The Talmud in Pesachim 54b lists the day of one’s death as the first of seven items that are hidden from humankind. As obvious a statement as this may seem, it is important to remember that, originally, humankind was not intended to die. Mortality was introduced only when Adam and Eve ate from the Tree of Knowledge of Good and Evil (which God warned them “for on the day you eat from it, you will certainly die- Genesis 2:17), thus introducing death.

Since that fateful day so many centuries ago, many have sought ways to predict the day of their own death. None have succeeded, although God did reveal to King David that he would die on a Shabbat. Many others have vainly sought the means to overcome death.

Mortality goes hand-in-hand with the knowledge of good and evil, since the fear of one’s own demise helps a person choose how to act. This idea is touched upon in the Talmud:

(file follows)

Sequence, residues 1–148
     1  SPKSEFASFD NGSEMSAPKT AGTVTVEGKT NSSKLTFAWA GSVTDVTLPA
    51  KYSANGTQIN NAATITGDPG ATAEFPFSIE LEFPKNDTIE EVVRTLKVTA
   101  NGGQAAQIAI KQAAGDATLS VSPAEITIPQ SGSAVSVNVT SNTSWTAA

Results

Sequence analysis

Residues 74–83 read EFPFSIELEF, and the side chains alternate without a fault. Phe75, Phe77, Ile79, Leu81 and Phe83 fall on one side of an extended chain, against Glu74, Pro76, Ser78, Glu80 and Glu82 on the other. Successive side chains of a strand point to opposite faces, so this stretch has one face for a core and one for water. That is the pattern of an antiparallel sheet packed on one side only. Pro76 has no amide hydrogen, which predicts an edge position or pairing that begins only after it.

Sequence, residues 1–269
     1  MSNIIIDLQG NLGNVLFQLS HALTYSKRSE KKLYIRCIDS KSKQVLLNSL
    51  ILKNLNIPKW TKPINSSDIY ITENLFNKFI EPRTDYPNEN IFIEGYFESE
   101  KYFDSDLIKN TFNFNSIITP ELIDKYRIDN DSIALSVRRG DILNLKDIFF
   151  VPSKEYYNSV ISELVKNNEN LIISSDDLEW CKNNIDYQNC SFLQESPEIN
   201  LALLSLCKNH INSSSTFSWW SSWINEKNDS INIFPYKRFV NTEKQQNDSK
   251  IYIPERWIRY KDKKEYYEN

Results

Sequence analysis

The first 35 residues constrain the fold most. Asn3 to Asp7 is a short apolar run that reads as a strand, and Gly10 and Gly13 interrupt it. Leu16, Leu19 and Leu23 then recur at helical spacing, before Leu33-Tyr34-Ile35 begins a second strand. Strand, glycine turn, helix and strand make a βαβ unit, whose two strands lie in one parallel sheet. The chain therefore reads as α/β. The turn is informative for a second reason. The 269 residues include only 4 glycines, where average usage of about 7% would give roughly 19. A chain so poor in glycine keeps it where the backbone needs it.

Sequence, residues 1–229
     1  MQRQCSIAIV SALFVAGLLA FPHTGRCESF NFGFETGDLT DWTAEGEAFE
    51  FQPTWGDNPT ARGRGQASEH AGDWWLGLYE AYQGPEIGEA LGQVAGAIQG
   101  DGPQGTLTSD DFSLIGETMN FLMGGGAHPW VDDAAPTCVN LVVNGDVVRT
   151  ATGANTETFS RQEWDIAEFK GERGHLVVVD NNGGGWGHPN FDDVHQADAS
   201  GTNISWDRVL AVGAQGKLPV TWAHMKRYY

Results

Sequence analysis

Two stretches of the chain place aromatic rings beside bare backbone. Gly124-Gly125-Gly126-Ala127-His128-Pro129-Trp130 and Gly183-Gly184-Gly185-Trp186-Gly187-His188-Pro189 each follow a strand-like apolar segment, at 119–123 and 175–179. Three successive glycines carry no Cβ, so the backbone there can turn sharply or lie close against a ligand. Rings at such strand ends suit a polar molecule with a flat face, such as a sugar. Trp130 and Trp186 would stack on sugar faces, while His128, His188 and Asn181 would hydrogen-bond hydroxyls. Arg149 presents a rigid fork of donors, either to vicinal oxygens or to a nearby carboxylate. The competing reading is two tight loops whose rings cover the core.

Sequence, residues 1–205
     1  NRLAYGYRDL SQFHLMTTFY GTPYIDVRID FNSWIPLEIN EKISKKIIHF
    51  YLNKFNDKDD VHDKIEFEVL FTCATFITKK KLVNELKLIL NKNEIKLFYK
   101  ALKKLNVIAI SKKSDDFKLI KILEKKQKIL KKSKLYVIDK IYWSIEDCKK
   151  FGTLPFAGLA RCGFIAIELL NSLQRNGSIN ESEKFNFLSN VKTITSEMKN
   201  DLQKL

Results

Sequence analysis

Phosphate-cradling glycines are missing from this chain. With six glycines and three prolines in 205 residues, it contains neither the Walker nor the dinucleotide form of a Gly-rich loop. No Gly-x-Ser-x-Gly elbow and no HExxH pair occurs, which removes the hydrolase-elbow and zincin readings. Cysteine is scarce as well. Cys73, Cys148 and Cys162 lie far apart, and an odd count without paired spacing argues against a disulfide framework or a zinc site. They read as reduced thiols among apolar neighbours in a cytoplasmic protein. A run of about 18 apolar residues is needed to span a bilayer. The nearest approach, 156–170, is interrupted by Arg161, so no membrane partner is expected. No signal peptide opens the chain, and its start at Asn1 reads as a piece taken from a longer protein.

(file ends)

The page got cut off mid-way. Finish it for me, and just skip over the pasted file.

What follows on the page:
“Rabbi Eliezer would say: Repent one day before your death. Asked his disciples: Does a man know on which day he will die? Said he to them: So being the case, he should repent today, for perhaps tomorrow he will die; hence, all his days are passed in a state of repentance.” (Shabbat 153a).

Although sincere repentance can wipe one’s slate clean, a person can never really be certain that there may be additional time to amend his/her ways.

Copyright © 2011 National Jewish Outreach Program. All rights reserved.

One Comment

  1. Robert Hagedorn

    Saint Augustine couldn’t do it. But can you explain what kind of fruit Adam and Eve ate in the story? After thousands of years it’s time to think, read, and give the real explanation based only on the facts in the story. No guesses, opinions, or beliefs. We’ve already had way too many of these. You can do it! Or can you? But first, do a quick Google search: First Scandal.

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